Many dog owners ask us whether they need to supplement their dog's food in order to attain a level of proper dog nutrition
If you use a good quality meat-meal based food you usually do not have to supplement your dog's ration. In fact, it is very easy to throw the formulation of some of the specialty foods out of kilter if you play with supplements.
Unfortunately, adding a little bit of this and a little bit of that is a cultural mentality handed down from the time when pet foods weren't complete and needed supplementation. Breeders often advocate supplements and many send their clients home with long lists of additives – vitamins, minerals, dairy products, oils and other lotions and potions.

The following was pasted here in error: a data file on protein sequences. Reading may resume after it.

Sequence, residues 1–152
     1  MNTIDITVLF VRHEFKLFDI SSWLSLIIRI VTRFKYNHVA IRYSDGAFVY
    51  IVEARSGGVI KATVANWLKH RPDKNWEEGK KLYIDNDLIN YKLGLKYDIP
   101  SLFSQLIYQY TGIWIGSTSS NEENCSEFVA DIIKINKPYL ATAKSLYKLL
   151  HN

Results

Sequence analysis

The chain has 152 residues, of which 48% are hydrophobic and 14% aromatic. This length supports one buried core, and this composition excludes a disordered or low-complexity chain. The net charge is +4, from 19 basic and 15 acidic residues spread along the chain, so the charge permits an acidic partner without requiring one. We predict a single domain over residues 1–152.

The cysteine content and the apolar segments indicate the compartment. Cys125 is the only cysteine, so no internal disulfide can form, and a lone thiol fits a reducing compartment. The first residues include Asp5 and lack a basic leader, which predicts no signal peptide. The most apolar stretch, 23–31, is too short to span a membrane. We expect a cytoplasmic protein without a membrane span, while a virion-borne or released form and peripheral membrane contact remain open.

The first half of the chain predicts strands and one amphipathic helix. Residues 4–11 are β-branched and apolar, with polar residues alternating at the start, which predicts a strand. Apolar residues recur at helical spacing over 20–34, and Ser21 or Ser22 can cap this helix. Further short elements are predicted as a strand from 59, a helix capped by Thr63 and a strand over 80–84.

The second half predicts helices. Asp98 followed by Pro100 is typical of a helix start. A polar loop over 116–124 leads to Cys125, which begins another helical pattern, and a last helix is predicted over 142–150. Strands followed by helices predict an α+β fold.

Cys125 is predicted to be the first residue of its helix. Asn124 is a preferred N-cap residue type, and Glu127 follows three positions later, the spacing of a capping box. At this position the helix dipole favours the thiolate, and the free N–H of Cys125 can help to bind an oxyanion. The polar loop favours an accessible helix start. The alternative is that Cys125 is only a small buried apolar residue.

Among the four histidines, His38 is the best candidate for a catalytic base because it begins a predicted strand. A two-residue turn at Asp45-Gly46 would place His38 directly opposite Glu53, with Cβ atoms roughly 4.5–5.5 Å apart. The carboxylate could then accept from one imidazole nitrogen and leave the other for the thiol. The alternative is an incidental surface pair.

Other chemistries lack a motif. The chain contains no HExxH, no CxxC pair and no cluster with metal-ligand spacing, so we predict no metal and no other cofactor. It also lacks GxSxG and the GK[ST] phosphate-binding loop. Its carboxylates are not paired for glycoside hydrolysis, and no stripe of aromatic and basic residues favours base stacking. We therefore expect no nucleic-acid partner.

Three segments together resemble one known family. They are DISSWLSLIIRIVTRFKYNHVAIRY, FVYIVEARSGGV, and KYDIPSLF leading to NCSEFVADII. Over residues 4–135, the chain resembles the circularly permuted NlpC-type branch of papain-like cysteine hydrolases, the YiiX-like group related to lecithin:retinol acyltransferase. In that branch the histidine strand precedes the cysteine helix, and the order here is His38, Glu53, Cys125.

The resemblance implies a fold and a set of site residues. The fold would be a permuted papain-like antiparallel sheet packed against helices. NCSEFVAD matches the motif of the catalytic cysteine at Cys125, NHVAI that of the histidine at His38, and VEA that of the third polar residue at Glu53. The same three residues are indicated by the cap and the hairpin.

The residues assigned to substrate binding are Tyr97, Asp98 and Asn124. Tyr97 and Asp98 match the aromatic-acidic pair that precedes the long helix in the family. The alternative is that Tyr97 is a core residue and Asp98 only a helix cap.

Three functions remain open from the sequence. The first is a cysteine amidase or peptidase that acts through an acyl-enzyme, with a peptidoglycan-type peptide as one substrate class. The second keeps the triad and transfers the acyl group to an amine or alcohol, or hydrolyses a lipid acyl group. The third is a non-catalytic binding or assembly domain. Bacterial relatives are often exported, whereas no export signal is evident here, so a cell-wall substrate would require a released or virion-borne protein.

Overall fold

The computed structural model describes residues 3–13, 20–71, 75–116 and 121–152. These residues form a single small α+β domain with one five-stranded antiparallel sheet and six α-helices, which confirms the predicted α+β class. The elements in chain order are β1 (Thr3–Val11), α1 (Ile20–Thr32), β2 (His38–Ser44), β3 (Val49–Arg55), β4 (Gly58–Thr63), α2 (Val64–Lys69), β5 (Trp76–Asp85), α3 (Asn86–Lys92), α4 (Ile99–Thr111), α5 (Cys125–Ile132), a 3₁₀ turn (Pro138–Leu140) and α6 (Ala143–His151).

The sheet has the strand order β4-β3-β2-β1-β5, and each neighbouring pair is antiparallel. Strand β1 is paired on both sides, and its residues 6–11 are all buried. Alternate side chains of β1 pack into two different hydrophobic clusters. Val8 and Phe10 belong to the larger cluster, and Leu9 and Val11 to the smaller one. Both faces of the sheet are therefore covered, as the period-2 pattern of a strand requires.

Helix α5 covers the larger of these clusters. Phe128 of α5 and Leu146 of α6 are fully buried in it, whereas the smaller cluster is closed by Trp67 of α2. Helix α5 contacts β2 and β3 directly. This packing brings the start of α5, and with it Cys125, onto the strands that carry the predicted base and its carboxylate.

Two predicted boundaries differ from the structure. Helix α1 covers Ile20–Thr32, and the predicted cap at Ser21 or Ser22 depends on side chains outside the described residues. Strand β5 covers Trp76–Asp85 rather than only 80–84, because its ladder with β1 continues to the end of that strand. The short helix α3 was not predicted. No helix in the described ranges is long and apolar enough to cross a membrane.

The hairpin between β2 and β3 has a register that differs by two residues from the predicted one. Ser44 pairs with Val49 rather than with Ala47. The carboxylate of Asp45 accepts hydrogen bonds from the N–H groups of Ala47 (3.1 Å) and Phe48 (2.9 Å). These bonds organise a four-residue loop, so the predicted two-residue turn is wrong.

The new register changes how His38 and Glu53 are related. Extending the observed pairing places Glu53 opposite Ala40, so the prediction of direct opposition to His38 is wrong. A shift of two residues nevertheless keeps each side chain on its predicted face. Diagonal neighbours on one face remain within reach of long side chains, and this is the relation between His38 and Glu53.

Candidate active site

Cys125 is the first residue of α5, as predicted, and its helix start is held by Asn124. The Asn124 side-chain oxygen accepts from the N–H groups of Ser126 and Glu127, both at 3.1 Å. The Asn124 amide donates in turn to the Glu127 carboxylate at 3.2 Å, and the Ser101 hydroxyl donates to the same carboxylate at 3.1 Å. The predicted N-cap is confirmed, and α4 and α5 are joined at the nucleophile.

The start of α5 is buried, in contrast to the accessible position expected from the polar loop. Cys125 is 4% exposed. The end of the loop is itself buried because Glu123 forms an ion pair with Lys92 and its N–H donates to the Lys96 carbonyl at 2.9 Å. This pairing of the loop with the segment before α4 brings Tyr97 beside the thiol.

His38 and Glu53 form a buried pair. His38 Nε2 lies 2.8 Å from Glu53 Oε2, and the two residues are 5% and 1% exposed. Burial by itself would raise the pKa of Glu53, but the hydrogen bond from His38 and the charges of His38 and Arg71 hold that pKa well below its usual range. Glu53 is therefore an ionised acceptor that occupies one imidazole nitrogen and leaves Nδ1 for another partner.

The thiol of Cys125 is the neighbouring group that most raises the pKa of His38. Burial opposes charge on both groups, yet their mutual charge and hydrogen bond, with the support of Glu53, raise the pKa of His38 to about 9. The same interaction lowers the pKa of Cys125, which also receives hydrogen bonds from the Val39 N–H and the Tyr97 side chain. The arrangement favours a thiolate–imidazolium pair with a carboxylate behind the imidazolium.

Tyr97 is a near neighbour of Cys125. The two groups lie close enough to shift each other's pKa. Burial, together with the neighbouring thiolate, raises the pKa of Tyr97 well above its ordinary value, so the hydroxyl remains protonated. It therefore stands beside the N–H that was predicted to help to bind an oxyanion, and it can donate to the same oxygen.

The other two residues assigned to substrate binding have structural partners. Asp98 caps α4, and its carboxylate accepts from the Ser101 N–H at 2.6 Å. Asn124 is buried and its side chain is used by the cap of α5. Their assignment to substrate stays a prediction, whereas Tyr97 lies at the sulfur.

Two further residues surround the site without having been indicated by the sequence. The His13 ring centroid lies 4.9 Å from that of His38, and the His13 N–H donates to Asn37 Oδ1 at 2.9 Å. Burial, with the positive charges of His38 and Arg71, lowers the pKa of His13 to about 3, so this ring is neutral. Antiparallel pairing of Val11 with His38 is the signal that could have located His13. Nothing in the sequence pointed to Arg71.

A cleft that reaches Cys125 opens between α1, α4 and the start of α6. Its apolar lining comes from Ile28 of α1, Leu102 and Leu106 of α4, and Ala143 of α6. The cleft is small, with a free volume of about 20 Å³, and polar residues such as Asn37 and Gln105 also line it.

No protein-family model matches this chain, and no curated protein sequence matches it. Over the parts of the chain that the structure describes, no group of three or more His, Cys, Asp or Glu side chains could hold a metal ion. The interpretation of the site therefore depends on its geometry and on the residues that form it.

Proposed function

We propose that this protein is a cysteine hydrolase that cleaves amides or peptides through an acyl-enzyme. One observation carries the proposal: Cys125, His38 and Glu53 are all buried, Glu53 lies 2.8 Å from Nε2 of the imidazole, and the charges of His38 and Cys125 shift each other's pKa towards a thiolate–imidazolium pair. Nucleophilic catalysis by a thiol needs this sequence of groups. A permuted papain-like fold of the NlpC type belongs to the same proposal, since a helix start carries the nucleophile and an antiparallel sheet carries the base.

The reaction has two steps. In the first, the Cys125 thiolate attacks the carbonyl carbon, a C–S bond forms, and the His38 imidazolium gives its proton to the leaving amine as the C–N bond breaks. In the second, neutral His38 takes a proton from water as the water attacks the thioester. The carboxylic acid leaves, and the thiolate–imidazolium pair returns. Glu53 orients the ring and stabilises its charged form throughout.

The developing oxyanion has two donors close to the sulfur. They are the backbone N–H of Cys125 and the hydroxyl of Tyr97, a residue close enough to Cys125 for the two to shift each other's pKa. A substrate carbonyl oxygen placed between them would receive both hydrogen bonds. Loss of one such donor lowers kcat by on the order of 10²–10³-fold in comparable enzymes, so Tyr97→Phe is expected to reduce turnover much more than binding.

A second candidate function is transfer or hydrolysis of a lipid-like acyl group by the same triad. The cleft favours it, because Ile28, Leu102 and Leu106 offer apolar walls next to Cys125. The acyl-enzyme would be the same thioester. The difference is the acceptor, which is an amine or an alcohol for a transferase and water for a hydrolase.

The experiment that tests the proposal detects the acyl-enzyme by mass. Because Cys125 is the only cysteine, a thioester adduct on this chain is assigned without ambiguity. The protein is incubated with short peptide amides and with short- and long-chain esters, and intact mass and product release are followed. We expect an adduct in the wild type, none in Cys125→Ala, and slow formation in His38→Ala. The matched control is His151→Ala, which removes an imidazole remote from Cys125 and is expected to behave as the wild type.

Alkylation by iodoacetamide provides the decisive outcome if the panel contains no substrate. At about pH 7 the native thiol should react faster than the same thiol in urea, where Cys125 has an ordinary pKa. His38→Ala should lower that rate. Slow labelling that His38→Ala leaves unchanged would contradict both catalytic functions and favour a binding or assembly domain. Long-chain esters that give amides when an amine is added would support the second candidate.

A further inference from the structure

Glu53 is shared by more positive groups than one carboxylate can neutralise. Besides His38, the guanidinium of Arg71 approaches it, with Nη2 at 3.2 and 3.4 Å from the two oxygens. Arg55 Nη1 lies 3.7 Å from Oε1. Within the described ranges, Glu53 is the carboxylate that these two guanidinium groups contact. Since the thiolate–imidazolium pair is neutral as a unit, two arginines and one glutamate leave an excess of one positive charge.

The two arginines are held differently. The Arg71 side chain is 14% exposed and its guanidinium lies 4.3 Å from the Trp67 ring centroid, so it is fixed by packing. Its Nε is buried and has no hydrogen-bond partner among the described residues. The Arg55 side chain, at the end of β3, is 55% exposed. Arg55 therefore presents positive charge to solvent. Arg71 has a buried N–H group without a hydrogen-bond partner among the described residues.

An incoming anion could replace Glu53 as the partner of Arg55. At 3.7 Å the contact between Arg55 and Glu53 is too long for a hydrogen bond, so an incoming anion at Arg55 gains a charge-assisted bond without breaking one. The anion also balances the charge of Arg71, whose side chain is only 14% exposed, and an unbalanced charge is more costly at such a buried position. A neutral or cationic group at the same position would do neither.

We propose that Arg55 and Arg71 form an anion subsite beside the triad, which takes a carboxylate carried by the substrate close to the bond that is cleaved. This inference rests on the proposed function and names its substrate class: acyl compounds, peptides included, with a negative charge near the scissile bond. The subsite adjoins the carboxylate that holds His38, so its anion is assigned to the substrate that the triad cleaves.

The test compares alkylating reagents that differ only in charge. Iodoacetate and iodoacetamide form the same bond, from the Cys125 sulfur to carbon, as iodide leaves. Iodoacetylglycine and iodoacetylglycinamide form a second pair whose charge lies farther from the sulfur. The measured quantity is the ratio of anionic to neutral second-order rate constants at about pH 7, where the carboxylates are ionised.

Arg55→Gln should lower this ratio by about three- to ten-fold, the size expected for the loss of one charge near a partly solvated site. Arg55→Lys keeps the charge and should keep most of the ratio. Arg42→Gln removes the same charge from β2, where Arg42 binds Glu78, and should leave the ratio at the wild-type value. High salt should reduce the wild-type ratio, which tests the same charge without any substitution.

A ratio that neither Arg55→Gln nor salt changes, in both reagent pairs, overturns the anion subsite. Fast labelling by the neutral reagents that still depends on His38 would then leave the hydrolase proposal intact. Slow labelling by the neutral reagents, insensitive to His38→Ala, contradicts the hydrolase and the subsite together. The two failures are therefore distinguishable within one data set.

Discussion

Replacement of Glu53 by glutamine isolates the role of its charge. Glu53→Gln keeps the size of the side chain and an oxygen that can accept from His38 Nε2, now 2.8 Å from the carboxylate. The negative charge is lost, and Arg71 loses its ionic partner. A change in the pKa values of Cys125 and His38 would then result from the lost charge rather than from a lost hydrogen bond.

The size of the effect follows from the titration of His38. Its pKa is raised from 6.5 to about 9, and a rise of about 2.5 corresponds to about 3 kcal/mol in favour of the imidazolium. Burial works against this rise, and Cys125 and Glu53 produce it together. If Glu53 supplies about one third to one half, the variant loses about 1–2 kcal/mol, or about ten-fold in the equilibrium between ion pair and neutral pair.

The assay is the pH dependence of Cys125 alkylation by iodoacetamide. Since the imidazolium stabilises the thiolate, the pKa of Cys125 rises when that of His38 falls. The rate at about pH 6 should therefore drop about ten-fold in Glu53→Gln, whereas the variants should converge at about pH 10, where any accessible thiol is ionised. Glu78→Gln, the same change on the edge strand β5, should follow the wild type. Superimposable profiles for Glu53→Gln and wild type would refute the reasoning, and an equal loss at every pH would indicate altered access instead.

Many breeders will turn an absolutely deaf ear to entreaties from veterinarians or canine nutritionists who suggest a good basic ration and a minimum of supplementation.
Supplement supporters aren't usually thinking along behavioural lines and, since they themselves rarely have difficulty house-training their dogs, don't realize that not everyone is so knowledgeable and over-supplementation can easily produce loose stools and make good control difficult for the dog. Coat conditioners, for instance, can easily be withheld from the diet until the puppy is house-trained.
The puppy doesn't need them if he or she is eating a good quality food, and (in most breeds) the puppy coat has to grow out naturally anyway. Oils and people foods, especially those high in fat (like steak trimmings) easily "oil up" the intestines and in many cases cause stools to "slide out" quite unexpectedly.
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